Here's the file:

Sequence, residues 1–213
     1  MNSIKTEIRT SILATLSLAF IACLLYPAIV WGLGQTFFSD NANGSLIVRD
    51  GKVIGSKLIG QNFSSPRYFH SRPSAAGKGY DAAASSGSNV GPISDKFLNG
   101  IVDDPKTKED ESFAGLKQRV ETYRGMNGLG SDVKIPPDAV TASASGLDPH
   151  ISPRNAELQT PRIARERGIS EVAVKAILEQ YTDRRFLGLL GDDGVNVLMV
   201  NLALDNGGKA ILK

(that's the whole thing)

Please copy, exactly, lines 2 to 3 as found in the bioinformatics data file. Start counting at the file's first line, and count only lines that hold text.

     1  MNSIKTEIRT SILATLSLAF IACLLYPAIV WGLGQTFFSD NANGSLIVRD
    51  GKVIGSKLIG QNFSSPRYFH SRPSAAGKGY DAAASSGSNV GPISDKFLNG